Wednesday, April 7, 2010


Peter Jones reviews:

We classicists spend a lot of our time taking things on trust, without quite knowing how they can be true. The use of olive oil provides a good example. Every book on the 'Amazing Ancients' reports that olive oil was a multi-purpose product, used for lighting, cooking and cleaning and for making perfumes, cosmetics and medicines. Until now it has always been the last use that has had me baffled, but Patrick Faas explains all, and embarrassingly obvious it is too.

As today, olive oil came in different qualities in ancient Rome. First, there were the late-harvested olives that were turning black. these produced viridum ('green'), in three pressings, the last pressing being the low-grade oil used for cooking and lighting. (One litre of oil produces about 134 hours of light from a single-nozzle lamp, so if every inhabitant of ancient Rome lit a lamp for only one hour a day, that city alone must have required three million litres of oil a year just for lighting. No wonder olive oil was big business in the ancient world.) Second, olives pressed before October produced acerbum ('bitter') , used as a skin-moisturiser and the principal cleansing agent for humans and even textiles and wool. Finally, the most expensive of the three was omphacium ('unripe'), pressed from olives harvested in August and therefore light, colourless and delicate. This was the oil that acted as the base for perfumes and ointments. Salt was added to preserve it and gum or resin to 'fix' the aromatics mixed into it, which included myrtle, cardamom, cinnamon, oregano, mint, balsam, lily, quince, and so on. It was sometimes coloured with scarlet or saffron. Problem solved.

At one level, Faas's is a book only in the sense that its pages are bound together and in the right order. It is, as he freely admits, a mélange, a stew, a pot-pourri of information about Roman food. Part One deals with its history (and includes a few recipes), Part Two with recipes (including a little history), but the categorisation is pretty loose throughout.

The book's virtue lies in its serendipity value. Dip in anywhere, and you will find tasty morsels for consideration. The author quotes widely from classical literature and also prints the recipes in Latin as well as translating them. I did not know, for example, that Romans were tremendous jokers when it came to food. Lamb did not have to taste of lamb - any fool could make it do that. Instead, Romans often preferred to swamp food in powerful sauces to produce 'a bouquet of flavours, not the monotheism of a single, recognisable spice'. Likewise they loved to disguise plain food to make it look like some delicacy. You want anchovies? Cut fresh turnips into anchovy shapes, blanch, oil and salt them and add black peppercorns. You want Greek wine? Take Italian wine and adulterate it. The vulgar Trimalchio in Petronius' satire Trimalchio's Feast boasts that his cook can make 'a fish out of pig's womb, a wood pigeon from bacon, a turtle-dove from ham'.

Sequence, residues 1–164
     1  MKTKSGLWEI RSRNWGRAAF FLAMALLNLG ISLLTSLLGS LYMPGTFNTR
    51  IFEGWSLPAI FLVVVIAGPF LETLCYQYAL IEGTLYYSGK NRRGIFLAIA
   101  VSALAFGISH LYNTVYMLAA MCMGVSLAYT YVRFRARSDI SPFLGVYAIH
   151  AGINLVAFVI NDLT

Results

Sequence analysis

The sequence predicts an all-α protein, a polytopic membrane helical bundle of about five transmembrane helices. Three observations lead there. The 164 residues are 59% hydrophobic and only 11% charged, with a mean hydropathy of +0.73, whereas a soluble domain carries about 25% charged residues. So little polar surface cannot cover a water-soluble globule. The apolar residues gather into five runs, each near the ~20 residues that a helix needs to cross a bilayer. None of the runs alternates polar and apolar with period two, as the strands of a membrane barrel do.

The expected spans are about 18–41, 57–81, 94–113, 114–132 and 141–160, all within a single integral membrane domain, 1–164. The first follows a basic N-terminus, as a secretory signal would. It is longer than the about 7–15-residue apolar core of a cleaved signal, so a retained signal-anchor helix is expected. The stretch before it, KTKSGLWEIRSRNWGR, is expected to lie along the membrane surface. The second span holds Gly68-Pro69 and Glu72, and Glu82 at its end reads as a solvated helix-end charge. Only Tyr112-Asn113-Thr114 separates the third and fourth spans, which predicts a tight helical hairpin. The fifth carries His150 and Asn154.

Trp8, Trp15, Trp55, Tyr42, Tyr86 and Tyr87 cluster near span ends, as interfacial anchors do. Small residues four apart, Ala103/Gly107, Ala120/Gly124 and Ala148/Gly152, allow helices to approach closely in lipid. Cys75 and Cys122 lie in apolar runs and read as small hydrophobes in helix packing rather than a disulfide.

But this book is not without its problems. For example, Faas quotes extensively from the second-century writer Athenaeus (a Greek living in Rome). Athenaeus' Deipnosophistae ('Professors at Dinner'), a work in fifteen books, is a wonderfully lunatic account of the discussions that went on during an extended banquet, ranging far and wide over food, drink, sex, poetry, law, music and medicine (it is an invaluable source of information). But Faas does not distinguish between references in Athenaeus to contemporary and earlier cooking. For example, Athenaeus reports recipes for fried electric eel and fried shark invented by Archestratus, who was a famous Greek cook of the fourth century BC. But Faas quotes them as if they were contemporary recipes. There is no guarantee that anyone in Athenaeus' Rome had actually tasted them.

Furthermore, it was not Cicero but his son who was the drunkard. The town with the excellent olive oil was known by the Romans as Venafrum, not Venafrus. Mosaics made to look like an unswept floor are called asarotos, not assataros. Epicureanism, please, not Epicurianism; Villa dei Misteri, not Misterii; meat cut up for the gods is prosecta, not prosceta; the writer is Antagoras, not Antogoras; and so on.

But at least the book spares us one horror: the celebrity cook. Cooks in Rome were simple technicians, like car mechanics or dentists. They did not hold court or appear on TV shows. Indeed, they were to some extent figures of fun. The Romans at least got some things right.

No comments:

Post a Comment